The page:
Fiddletown's Chew Kee Herb Shop in an undated photo. (California State Library)

A gold rush, a wave of Chinese immigration, and an herb shop: the story of Fiddletown

When news of the gold discovery in California circled the world in 1848, no population beyond U.S. shores answered the call in greater numbers than the Chinese.

By 1860, migrants from China made up nearly a third of the state’s roughly 83,000 miners. After arduous journeys across the Pacific, often in flight from hunger or warfare, they arrived to the chaotic metropolis of San Francisco with visions of freedom and opportunity. Some prospered, acquiring legal claims in the Sierra foothills.

In the Aug. 15, 1857, edition of Jackson’s Weekly Ledger, a correspondent described an elaborate Chinese mining operation that spread nearly half a mile along the Mokelumne River. “I am informed that this year the river is pretty generally owned by Chinese,” he wrote.

An illustration depicted Chinese prospectors in the 1859 guide “Miner’s Own Book.”

Chinese quarters sprung up in almost every Sierra community, one of which came to be known as a Chinese town. It was called Fiddletown, a hamlet along a tributary to the Mokelumne that was said to have been named for the fiddle-loving Missourians who lived there. Between the 1860s and 1880s, Chinese residents accounted for as much as half of Fiddletown’s population, which hovered around 1,000 souls, according to Elaine Zorbas’s local history “Banished & Embraced.” There was a gambling house, an opium den, and stores that sold Chinese food, clothes, and herbal medicines. The Lunar New Year was celebrated with cymbals, feasting, and firecrackers.

A daguerreotype of Fiddletown’s main street, circa 1850.

As the Chinese presence in California grew, however, so did the resentment of working-class white settlers who viewed them as competition for gold and jobs. Public officials organized boycotts of Chinese businesses and armed mobs drove Chinese miners off their claims. “The latest amusement,” the Ledger reported on Jan. 26, 1878, is “cutting off a Chinaman’s queue” — the distinctive braid of hair worn hanging from the back of the head.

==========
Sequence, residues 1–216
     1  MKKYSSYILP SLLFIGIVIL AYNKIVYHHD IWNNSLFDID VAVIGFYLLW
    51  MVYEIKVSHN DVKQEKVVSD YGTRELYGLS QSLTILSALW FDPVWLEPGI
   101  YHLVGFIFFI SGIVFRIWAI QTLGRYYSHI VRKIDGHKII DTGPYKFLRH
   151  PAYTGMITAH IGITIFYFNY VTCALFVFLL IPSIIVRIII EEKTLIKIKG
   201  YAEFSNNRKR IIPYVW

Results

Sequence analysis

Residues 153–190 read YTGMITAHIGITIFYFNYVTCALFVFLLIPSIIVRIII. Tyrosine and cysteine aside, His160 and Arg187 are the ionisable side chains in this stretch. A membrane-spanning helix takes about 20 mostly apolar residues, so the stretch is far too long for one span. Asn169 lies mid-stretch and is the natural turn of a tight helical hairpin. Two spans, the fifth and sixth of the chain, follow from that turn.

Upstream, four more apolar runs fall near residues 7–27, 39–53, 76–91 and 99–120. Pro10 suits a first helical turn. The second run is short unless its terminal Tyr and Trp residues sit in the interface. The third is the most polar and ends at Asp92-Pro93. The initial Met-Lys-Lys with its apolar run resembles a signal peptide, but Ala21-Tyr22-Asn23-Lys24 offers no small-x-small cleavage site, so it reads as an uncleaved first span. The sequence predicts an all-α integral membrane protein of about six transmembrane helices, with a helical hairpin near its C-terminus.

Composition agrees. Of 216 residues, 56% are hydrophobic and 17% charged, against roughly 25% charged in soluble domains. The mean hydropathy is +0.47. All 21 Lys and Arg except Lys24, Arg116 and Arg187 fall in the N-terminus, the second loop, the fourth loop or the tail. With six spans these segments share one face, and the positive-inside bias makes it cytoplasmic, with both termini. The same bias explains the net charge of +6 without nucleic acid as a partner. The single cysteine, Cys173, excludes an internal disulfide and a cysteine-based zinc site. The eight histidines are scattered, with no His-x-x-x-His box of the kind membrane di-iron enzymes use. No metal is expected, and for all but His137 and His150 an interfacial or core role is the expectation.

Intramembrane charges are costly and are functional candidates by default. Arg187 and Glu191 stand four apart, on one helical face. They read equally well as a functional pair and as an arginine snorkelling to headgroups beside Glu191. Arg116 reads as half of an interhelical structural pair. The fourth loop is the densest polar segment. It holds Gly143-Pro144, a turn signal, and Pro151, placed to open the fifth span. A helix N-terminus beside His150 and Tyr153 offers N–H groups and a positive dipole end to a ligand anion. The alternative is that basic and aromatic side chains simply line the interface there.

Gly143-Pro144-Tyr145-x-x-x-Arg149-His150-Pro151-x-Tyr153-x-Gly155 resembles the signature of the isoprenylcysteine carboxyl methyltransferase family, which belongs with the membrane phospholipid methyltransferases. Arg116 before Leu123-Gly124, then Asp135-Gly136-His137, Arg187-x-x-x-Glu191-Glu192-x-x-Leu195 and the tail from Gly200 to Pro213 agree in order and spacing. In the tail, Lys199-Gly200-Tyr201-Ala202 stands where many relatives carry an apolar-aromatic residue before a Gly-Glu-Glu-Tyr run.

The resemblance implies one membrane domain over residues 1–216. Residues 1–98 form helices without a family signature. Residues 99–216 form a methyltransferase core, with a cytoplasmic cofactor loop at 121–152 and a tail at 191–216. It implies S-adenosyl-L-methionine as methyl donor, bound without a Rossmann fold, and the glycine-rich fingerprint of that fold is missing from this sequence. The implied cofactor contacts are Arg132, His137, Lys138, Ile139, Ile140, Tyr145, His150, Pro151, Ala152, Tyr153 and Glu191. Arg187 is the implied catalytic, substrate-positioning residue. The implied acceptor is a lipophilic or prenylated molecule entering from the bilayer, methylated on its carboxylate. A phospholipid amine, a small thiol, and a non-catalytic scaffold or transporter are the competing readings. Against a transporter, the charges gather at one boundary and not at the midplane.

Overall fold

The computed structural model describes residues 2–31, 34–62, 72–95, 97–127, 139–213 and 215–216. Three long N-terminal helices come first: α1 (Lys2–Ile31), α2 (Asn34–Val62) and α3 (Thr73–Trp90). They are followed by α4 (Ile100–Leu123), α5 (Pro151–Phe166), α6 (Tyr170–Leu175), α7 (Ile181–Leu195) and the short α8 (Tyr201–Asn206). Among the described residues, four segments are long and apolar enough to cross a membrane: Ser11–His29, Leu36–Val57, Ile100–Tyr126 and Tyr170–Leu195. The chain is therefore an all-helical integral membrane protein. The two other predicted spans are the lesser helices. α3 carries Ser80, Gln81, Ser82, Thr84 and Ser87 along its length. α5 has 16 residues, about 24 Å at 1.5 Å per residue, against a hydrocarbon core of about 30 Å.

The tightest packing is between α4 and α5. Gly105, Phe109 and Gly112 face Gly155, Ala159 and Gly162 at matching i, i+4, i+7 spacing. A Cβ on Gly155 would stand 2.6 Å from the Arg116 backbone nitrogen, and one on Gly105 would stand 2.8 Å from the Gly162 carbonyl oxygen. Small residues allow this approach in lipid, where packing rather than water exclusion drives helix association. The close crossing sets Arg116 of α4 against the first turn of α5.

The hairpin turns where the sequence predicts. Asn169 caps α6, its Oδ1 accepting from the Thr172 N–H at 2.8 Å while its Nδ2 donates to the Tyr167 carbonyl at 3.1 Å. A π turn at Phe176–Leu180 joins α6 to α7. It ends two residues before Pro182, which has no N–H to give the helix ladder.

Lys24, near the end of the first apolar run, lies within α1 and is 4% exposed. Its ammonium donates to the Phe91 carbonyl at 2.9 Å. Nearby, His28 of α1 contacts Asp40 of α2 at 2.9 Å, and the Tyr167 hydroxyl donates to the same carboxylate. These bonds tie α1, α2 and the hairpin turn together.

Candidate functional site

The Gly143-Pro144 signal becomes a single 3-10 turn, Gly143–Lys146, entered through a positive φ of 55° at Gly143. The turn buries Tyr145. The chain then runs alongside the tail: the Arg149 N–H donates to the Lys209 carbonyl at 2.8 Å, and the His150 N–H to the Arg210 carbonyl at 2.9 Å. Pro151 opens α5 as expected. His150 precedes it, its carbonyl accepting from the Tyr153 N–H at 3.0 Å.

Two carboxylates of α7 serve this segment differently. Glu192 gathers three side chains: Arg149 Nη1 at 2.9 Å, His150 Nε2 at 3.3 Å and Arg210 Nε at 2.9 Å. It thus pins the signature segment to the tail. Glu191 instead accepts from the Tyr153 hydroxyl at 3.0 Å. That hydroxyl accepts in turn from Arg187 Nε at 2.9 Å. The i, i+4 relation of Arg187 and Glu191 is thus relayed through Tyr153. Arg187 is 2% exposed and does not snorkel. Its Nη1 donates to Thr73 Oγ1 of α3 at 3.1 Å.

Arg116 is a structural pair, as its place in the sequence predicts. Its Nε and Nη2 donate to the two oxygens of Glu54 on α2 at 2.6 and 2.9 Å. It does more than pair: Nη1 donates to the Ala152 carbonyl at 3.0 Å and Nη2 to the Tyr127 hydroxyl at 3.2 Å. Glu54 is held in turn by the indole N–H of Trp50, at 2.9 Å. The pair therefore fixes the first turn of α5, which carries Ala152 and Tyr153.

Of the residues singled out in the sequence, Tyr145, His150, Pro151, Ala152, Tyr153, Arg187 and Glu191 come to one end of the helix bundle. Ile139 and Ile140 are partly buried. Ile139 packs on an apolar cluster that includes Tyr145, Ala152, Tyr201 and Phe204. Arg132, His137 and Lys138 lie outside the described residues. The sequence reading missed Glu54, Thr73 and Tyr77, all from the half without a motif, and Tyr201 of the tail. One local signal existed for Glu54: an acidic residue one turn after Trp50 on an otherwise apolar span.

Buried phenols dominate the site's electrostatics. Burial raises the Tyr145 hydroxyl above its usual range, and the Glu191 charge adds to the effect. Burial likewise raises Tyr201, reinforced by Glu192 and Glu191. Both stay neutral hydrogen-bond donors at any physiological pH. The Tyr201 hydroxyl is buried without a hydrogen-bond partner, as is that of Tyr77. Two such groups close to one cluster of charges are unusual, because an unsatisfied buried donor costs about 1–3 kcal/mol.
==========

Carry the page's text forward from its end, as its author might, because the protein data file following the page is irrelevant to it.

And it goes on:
Fiddletown became a refuge for Chinese migrants fleeing other Gold Country towns. But in time, it too was engulfed by a wave of xenophobia that had spread to the halls of Congress, which in 1882 barred all Chinese immigration. Two years later, arsonists torched Fiddletown’s Chinese section, leaving hundreds of people homeless. At the turn of the century, just 16 Chinese residents remained.

By the 1920s, there was just one: You Fong Chow, who went by Jimmie Chow, the caretaker of the old Chew Kee Herb Shop.

Jimmie Chow as a young man. (Amador County Archives)

Chow was born in Fiddletown in 1885 to parents who returned to China, leaving the young boy in the custody of the local merchant Chew Kee.

Chow remained his entire life, working as a farm laborer, butcher, and handyman while sending money home to his family in China. According to oral histories included in “Banished,” Chow, a lifelong bachelor, was beloved by the townspeople, who extended regular invitations for dinner and holidays. “He was the most taken care of person you ever met,” Mary Lawrence, the wife of a friend of Chow’s, said in 1979.

When he suffered from arthritis in old age, neighbors cut wood for his stove and replaced his worn roof. Chow died of leukemia in 1965 at the age of 80 and became the only person of Chinese descent to be buried in the Fiddletown cemetery, breaking with the practice of returning remains to China to be buried with ancestors.

The Chew Kee Herb Shop, which Chow had inherited from Kee, became a state landmark. The rammed earth structure still stands, the centerpiece of what Fiddletown now regards as its proudest trait: its Chinese heritage.

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